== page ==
MIP Markets head of social media James Martin hosted this week’s trending topics session, featuring MIP Publications editor in chief Julian Newby, Sandrine Pechels de Saint Sardos, director of disruption and platform distribution at TFO; Black Meteor founder and content consultant Lisa Gray; research director Guy Bisson of Ampere Analysis; and journalist Marjorie Paillon of France 24, who is also the founder of I Love Production.
The term MIPCOM saw 29,536 mentions on social media, up 55% from last year, Martin said. The panel kicked off with a review of keywords that were associated with MIPCOM, and the most popular hashtags of the week. But just to get it out of the way, they kicked off by discussing the elephant in the room (and the word cloud): Harvey Weinstein.
“Every film is a small business in itself,” Newby said. “When you’re an actor or actress working on a film, it’s technically your last film. you never know if you’ll ever do another.” This dynamic brings out monsters in people.
“We should distinguish that from TV,” he went on. “In our industry there are lots of powerful women; it’s not like that in Hollywood, it’s very neanderthal, an environment that allows this stuff to happen.” He admonished viewers, “Don’t punish the entertainment industry for this. This is everywhere. Powerful white men must think again about how they behave.”
“It’s a wakeup call for women, to be together and help each other more than ever,” de Saint Sardos said.
For Gray, the biggest good to come out of the Weinstein drama was discussion. “Everyone’s talking about it,” she observed, which will perhaps destigmatise the act of reporting on a compromising situation. “That’s what’s been really good about the intense conversations going on in last week.”
Other popular hashtags this week included #eoneTV — which, thanks to activities with stars and efficient promotions on social, was cited in a whopping 10 percent of tweets — the British show #SuperMarketSweep; #MIPJunior, thanks to upset around train female characters who will replace two male ones in the upcoming Thomas & Friends; #skam and #facebookwatch—both of which refer to Facebook’s show platform. (Skam is a Norwegian show that will be launched there soon.)
Last of all the chart-toppers were #europeanfilmforum and #britannia.
We also talked a great deal about diversity. Notably, this was the first year Diversify TV held its Excellence Awards, with support from A+E Networks, EbonyLife TV and Viacom. Lenny Henry also talked about tax breaks for diversity in a much-discussed keynote.
“The more opportunity we give different faces onscreen, the better. It encourages creativity and connects us all,” said Gray. “We have tax breaks for things in Australian production that have really helped—like the Vampire Initiative with A&E—and I’m a big fan of more diversity because of the creativity that comes out.”
Newby referred to something that happened during Henry’s panel: White, able-bodied men were asked by the moderator to stand up and look around them. (They were then later asked to go over to the nearest minority, take a selfie and tweet it.)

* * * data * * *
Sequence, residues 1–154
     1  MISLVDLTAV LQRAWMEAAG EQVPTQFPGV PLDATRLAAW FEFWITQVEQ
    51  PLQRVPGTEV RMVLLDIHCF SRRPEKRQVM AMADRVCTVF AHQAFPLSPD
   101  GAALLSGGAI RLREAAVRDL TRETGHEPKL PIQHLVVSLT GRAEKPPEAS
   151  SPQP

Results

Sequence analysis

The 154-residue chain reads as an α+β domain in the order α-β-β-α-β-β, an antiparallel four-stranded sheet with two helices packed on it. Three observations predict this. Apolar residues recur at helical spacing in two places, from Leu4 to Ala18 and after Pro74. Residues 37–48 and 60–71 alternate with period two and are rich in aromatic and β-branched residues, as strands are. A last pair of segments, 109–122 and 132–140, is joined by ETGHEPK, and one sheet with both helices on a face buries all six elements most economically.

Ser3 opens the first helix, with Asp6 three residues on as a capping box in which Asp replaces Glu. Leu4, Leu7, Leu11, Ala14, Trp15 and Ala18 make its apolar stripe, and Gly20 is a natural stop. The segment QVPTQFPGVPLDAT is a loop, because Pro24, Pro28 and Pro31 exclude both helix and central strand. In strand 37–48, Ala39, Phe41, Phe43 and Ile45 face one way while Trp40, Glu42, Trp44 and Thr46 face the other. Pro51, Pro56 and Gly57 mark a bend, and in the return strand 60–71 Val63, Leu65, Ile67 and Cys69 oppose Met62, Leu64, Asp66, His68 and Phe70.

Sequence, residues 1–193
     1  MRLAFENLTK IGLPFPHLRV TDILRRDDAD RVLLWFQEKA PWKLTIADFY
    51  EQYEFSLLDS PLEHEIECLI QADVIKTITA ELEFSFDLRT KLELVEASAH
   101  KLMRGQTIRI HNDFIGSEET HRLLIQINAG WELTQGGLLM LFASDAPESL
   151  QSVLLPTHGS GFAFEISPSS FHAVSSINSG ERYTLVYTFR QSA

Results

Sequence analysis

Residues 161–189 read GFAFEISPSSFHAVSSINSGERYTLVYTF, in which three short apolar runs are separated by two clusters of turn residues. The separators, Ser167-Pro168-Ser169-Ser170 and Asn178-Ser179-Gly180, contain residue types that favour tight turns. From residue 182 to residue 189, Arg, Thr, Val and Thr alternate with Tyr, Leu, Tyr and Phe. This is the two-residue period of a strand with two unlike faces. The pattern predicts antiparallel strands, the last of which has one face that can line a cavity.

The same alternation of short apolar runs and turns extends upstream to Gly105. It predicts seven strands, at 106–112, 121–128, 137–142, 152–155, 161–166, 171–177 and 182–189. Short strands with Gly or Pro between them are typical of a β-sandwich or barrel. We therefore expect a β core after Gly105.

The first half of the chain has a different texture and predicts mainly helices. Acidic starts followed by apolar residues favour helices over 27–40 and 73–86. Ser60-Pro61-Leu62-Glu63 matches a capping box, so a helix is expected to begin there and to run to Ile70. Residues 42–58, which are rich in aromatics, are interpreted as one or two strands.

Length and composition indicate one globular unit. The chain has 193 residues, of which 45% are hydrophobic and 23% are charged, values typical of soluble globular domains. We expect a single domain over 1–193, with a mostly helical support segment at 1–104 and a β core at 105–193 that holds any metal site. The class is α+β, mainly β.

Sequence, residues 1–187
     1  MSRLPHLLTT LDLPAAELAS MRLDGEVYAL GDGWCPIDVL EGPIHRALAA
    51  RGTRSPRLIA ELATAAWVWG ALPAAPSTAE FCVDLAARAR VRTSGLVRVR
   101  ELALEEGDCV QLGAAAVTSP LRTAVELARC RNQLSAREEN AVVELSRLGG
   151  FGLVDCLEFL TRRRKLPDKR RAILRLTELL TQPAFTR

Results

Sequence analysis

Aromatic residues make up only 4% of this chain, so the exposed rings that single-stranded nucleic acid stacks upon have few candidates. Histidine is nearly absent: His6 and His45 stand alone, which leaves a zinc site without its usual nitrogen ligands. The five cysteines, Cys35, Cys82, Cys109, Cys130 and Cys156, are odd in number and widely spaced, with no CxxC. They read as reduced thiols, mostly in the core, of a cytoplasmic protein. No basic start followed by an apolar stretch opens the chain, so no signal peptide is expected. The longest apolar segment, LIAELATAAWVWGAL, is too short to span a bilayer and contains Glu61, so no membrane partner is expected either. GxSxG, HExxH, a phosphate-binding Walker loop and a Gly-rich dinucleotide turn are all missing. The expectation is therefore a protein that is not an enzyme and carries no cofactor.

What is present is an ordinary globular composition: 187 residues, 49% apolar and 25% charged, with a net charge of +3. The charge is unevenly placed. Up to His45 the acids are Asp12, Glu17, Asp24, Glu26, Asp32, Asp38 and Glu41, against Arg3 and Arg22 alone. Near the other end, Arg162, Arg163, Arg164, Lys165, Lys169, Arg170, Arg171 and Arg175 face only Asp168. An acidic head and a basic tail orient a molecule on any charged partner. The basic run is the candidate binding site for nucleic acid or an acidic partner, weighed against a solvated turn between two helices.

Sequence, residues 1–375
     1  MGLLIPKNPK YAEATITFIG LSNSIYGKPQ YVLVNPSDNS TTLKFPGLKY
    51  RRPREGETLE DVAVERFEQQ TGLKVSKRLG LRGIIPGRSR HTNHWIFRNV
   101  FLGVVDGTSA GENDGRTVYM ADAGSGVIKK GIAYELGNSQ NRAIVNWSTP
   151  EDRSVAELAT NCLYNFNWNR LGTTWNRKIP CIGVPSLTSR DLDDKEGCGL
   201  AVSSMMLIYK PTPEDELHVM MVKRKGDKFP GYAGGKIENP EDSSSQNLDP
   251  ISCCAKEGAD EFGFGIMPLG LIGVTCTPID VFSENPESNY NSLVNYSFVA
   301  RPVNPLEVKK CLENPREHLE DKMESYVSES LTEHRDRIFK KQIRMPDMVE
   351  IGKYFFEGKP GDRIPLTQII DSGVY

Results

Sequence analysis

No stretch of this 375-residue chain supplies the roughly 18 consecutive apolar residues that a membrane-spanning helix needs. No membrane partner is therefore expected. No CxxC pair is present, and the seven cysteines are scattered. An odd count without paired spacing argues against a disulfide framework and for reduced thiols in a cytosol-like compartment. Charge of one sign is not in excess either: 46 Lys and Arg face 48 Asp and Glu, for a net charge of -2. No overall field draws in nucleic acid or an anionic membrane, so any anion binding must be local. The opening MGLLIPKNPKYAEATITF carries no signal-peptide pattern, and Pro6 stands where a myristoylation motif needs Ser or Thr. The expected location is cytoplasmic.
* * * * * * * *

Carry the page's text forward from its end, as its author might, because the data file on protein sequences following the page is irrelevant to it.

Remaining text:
“It made white men the minority,” Newby said. “If you’re told to stand up and think about what you are, it’s important.”
“Diversity’s not just one thing,” de Saint Sardos said. “For the first time, we’re producing an animated preschool show where one character has no gender… I’m happy for women as producers, content providers, talent, but we need diversity on all levels—for kids as well, so all people are represented.”
“Change must happen with storytellers and producers, as well as faces we see,” Gray emphasised.
“It’s not going to change if you don’t push for it,” said Paillon. “We have to do it. If a diversity quota is imposed on French companies’ boards of directors, how many people will really go for the 40%, and how many will prefer to pay the fine?”
Next, we moved onto the topics each panelist chose as their theme for this week.
For Newby, the theme was Britannia, and drama in general. He began by telling us it’s his 28th MIP.
“Drama is an important subject at these markets,” he said. “When I first started coming to these events, the dramas for sale were American or South American—so telenovelas or white men dramas. That was pretty much it.”
In contrast, “Look at this MIPCOM,” he marveled. “It’s incredible. it’s turned on its head.” He pointed to the screening of NHK’s Kurara: The Dazzling Life of Hokusai’s Daughter, the first-ever Asian and first 4K screening in MIP history. “10 years ago people would have walked out” because it would have seemed too “different,” he said. “Today, they’re mesmerised.”
Paillon pointed to how diversity can improve our experience of drama, because it adds critical cultural nuance. “Netflix went from 7 different languages on its platform to 27,” she said. “Now it has 75 language assets”—some highly granular, like Parisian French and Quebecois French. “It makes a difference when actually trying to enjoy original content.”
Next, de Saint Sardos raised her topic: Immersive kids content.
“I was checking the 30 most-watched screenlist yesterday,” she said. “Most are amazing, but it’s really all about brand. Educational content’s becoming big, disruptive, because we have a lot of tools available.”
Some of those tools are still in deep experimental phase. She pointed out it’s difficult to use VR for kids before the age of 12 or 13, because of cerebral concerns, but “then you have AR (augmented reality), where possibilities are endless. There’s lots of freedom for kids; now they have the tools to put their imagination onto the screen.”